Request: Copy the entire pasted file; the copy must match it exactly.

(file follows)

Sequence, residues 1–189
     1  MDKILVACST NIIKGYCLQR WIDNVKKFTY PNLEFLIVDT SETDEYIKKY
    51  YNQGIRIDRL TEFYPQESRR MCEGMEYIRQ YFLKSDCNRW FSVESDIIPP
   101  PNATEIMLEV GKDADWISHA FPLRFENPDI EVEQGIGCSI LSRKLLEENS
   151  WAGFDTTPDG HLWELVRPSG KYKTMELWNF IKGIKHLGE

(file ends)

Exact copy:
Sequence, residues 1–189
     1  MDKILVACST NIIKGYCLQR WIDNVKKFTY PNLEFLIVDT SETDEYIKKY
    51  YNQGIRIDRL TEFYPQESRR MCEGMEYIRQ YFLKSDCNRW FSVESDIIPP
   101  PNATEIMLEV GKDADWISHA FPLRFENPDI EVEQGIGCSI LSRKLLEENS
   151  WAGFDTTPDG HLWELVRPSG KYKTMELWNF IKGIKHLGE